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An exciting weekend of "March Madness" is upon us, as the 2012 Final Four pursue the NCAA Championship in basketball in New Orleans.
But we'd be remiss if we failed to mention another type of "March Madness" that also involves mysterious number-crunching -- the annual U.S. News law school rankings.
U.S. News released its 2012 law school rankings March 12 -- just one day after the NCAA's "Selection Sunday" revealed college basketball's top-seeded teams.
But if you're curious how the Final Four's full court press compares to their law schools' moot court preps, here's what our stats department was able to dig up:
In the first Final Four national semifinal -- set for Saturday at 6:09 p.m. Eastern Time -- the South's top-seeded University of Kentucky takes on West No. 4-seeded University of Louisville.
But as far as their law school rankings are concerned, UK's College of Law has the edge at No. 62, according to U.S. News. Louisville's Brandeis School of Law comes in at No. 89.
Despite the rankings, the schools have similar profiles. Both have more male law students than female (UK is 57% male, Louisville is 55%), and have similar employment rates at graduation (about 66%). Tuition is also similar: about $18,000/year for in-state students and $32,000/year for out-of-state students.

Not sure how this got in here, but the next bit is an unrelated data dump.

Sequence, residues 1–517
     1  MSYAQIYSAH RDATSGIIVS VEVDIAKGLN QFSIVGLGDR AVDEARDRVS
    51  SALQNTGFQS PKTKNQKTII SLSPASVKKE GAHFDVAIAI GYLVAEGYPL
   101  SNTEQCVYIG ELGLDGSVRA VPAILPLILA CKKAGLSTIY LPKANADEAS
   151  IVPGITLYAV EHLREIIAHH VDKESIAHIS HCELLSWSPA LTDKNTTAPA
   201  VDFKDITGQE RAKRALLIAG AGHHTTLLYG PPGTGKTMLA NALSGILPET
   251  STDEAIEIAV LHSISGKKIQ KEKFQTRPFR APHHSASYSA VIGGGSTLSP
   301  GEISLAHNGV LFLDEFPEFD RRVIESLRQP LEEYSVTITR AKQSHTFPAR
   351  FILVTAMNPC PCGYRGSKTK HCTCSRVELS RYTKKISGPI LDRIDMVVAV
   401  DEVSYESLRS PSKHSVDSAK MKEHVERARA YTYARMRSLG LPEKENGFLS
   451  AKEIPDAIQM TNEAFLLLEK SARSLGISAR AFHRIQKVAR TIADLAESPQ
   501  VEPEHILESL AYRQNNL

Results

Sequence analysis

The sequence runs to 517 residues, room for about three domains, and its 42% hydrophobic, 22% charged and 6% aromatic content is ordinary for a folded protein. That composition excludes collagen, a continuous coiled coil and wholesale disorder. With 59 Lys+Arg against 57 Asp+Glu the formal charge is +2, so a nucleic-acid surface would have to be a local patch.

US News, however, picks up on two differences: UK's law school boasts a journal that focuses, quite fittingly, on equine law. (Insert equine law joke here.) Still, UK law students are apparently entitled to group seats at UK basketball games. Based on that fact alone, give the edge to the Kentucky Wildcats.
The second Final Four game pits the East's No. 2 Ohio State University against the Midwest's No. 2 University of Kansas.
In the U.S. News rankings, Kansas' School of Law is tied with Louisville at No. 89; Ohio State's Moritz College of Law surpasses both at No. 39.
Both Kansas and Ohio State students are predominantly male (61% male at Kansas, 57% male at OSU). But tuition and employment rates are different: Kansas, with a 46% employment rate, charges $16,000/year for in-state students and $29,000/year for out-of-staters. Ohio State boasts a high 83% employment rate and charges $26,000/year for in-state students, $41,000/year for out-of-state. Based on none of this and just a blind gambling hunch, pick Kansas Law in the upset.
FindLaw says Kentucky would cut down the nets in the law school Final Four. Enjoy the competition, folks. And as always, please, no wagering.
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